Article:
Tuesday, July 20, 2004

Philippines' Iraq hostage freed

The BBC are reporting that "Philippine truck driver Angelo de la Cruz has been freed from captivity in Iraq."

Remember, Spain set the precedent and has put many others at even more risk. But there is another element to the Philippine story.

Militants took Mr De la Cruz captive on 7 July and threatened to behead him unless his country pulled its peacekeeping troops out of Iraq.

Manila decided to bow to their demands, prompting sharp criticism from the US.

It is great news for Mr Cruz and his family but there is another part of the story that the BBC is not telling us.

Malaysia, Palace, DFA silent on $6-M ransom

The Malaysian government, MalacaƱang and the Department of Foreign Affairs (DFA) yesterday refused to confirm or deny reports that $6 million in ransom was paid out to the Iraqi kidnappers for the release of Filipino truck driver Angelo de la Cruz in time for President Arroyo's State of the Nation Address (Sona) scheduled for July 26.

Officials from both governments declined to give any statement and evaded media queries on the Tribune report which stated, quoting intelligence sources, that $5 million was shelled out by Malaysia while the Philippines coughed off $1 million from the Landbank of the Philippines for the release of De la Cruz.

Why would the BBC not tell us about the Ransom?

It's not like it would violate their new "core values":

The BBC will continue to use single source stories but they must be "of significant public interest and the correct procedures followed". They will undergo greater editorial scrutiny.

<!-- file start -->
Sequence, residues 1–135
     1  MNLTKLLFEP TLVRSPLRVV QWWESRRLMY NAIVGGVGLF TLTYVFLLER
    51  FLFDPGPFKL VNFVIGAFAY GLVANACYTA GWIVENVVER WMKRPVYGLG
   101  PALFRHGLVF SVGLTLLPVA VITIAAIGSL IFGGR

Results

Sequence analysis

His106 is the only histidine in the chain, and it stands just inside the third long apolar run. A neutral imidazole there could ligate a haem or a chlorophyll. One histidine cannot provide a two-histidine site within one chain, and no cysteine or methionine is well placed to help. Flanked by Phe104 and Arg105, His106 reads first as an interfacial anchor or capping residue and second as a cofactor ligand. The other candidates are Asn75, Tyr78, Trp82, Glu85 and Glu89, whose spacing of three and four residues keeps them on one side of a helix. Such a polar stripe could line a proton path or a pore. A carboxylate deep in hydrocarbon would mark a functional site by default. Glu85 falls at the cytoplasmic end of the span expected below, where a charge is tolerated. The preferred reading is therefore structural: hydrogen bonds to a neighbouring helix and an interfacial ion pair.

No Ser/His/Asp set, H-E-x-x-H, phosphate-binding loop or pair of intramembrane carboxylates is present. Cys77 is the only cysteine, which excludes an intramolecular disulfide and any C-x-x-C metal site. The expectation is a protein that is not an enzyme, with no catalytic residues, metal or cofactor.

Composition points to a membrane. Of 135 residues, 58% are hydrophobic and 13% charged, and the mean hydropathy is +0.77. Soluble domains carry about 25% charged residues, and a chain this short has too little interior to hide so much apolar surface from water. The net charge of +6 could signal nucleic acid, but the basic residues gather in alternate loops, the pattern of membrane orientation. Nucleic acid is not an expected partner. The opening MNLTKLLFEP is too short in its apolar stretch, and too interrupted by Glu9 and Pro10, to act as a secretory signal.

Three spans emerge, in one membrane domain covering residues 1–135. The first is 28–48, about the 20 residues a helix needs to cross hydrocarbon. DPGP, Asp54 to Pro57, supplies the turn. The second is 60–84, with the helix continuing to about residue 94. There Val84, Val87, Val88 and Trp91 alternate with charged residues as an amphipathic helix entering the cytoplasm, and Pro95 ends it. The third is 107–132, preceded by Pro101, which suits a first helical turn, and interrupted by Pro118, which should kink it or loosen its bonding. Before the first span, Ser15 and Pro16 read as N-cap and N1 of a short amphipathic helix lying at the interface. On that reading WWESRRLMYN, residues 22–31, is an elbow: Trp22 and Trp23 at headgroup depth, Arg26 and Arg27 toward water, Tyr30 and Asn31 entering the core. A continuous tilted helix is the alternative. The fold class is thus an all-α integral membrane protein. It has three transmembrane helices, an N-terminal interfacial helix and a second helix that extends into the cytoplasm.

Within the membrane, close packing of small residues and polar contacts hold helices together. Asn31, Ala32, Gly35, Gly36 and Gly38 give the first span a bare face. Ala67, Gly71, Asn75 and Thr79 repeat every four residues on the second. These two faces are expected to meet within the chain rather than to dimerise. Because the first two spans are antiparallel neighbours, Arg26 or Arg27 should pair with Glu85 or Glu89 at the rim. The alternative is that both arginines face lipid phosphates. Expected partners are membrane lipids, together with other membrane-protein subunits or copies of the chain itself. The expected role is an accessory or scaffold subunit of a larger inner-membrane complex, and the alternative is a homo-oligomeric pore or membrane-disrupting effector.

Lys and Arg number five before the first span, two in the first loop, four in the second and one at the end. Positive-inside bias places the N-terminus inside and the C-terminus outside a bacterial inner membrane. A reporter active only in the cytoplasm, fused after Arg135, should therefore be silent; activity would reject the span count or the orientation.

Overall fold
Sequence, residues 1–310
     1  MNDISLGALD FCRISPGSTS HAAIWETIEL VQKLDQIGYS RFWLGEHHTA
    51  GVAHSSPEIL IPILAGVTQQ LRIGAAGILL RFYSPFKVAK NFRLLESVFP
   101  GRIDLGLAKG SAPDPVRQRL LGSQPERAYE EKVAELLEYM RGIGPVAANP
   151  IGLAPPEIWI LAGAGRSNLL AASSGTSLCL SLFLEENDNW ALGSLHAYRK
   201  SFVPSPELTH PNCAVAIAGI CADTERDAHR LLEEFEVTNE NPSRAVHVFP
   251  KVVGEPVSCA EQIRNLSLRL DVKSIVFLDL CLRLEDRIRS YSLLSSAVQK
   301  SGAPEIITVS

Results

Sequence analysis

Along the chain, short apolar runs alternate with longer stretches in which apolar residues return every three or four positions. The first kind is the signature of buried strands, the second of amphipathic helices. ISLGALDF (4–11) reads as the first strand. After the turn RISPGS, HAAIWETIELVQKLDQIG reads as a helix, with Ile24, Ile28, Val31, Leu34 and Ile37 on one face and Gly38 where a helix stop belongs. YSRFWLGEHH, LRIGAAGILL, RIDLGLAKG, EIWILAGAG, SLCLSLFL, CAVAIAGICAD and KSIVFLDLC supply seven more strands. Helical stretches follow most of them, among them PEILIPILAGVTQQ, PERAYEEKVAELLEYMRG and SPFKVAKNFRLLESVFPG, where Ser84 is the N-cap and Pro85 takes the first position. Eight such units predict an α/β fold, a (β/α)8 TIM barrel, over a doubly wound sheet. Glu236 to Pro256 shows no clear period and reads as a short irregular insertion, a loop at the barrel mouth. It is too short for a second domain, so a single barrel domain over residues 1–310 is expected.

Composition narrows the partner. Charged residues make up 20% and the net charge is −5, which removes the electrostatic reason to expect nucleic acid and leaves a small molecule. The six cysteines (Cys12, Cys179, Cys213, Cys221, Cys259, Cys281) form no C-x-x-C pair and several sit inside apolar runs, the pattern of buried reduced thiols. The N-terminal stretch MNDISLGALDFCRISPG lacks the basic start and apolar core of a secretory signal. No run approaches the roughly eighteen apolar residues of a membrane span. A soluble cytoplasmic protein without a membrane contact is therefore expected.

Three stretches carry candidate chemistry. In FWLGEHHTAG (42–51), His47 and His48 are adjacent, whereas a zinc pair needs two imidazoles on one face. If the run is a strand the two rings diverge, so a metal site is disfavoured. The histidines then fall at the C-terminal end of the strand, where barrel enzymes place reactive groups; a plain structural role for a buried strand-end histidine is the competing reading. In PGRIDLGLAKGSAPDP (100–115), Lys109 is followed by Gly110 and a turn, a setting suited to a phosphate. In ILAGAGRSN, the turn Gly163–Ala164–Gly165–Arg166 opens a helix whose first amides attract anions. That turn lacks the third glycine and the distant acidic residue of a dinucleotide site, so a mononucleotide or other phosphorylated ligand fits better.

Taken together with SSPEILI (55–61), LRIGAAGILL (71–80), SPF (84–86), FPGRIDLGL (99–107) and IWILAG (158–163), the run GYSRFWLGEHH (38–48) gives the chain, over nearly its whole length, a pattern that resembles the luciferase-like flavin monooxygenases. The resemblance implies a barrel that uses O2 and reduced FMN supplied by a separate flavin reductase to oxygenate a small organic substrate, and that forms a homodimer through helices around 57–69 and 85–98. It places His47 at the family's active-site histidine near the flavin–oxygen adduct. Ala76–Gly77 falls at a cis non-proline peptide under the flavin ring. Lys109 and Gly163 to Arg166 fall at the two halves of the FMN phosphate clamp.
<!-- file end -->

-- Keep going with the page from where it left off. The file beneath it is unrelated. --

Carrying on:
And the BBC cannot claim they are not aware of the ransom story from the Daily Tribune since they quote the Tribune editor.

By not mentioning the ransom, the BBC give the impression that Arroyo simply had a decision to make; stay in Iraq and risk Mr Cruz's death or leave Iraq and risk the wrath of the US and others.

To the Left and the BBC it's a no brainer. I mean after all we are only talking about 50 Philippine troops. By simply leaving Iraq, the Pilippines can say, "hey we were a small contingent who were going to leave soon anyway. So what's the big deal? It is not like we "gave" the terrorists anything."

Even some on the right might be tempted to say it sucks and it is bad for the "coalition of the willing" theme but we'll get over it.

But when you find out they paid a ransom of some $6 million dollars that puts it in a whole new light and makes things far more dangerous for others in Iraq.

Not only will this embolden other fringe terror groups to try their hand at kidnapping, but Arroyo has just given 6 million dollars to fund terrorists to continue their terror.


Anonymous said...

You are probably correct about a ransom being paid.The BBC has no influence on phillipine goverment policy.If a ransom was paid,then it would have been irresponsible to report that a figure of 6 million was paid over,that type of reporting would be more dangerous,so leaving it out is the best thing.

P.S if G.W bushs daughter was kidnapped,do you think a ransom of 6 million would have been paid over ?
I think the answer to that would be a big yes.

So don,t criticise.

The best scenario has happened,a man has lived,and 51 phillipino soldiers that shouldnt have been there in the first place have gone home to their families.

Good news all round,i say.

David said...

And life just got a lot more dangerous for everyone including the Iraqis thanks to this abject submission.

Brain Bliss